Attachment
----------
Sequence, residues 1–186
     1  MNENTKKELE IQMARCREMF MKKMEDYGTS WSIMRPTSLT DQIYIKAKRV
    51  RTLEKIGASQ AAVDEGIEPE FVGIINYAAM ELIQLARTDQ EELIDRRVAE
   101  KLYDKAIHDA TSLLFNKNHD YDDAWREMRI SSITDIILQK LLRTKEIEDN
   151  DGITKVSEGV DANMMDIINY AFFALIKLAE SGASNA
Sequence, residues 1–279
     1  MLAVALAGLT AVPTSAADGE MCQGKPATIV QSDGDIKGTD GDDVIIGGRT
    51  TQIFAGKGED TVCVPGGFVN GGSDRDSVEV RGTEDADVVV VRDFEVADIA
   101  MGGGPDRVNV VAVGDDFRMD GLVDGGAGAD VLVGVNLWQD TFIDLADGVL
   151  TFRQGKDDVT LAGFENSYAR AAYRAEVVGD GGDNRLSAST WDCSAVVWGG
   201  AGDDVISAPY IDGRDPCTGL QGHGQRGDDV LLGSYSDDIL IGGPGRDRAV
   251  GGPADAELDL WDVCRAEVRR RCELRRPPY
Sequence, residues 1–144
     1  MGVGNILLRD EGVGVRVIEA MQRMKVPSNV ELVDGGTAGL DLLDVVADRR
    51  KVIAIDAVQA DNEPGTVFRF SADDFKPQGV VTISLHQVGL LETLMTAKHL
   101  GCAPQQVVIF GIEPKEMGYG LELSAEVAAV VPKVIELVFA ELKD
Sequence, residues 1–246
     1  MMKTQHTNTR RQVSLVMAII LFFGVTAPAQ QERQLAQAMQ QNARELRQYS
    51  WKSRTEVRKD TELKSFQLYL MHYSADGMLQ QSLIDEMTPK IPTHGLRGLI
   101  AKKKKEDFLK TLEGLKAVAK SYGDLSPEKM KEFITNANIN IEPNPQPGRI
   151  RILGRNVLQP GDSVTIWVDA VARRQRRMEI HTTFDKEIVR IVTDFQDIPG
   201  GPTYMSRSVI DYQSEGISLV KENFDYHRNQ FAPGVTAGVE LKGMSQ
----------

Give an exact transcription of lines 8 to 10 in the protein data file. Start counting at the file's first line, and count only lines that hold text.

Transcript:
    51  TQIFAGKGED TVCVPGGFVN GGSDRDSVEV RGTEDADVVV VRDFEVADIA
   101  MGGGPDRVNV VAVGDDFRMD GLVDGGAGAD VLVGVNLWQD TFIDLADGVL
   151  TFRQGKDDVT LAGFENSYAR AAYRAEVVGD GGDNRLSAST WDCSAVVWGG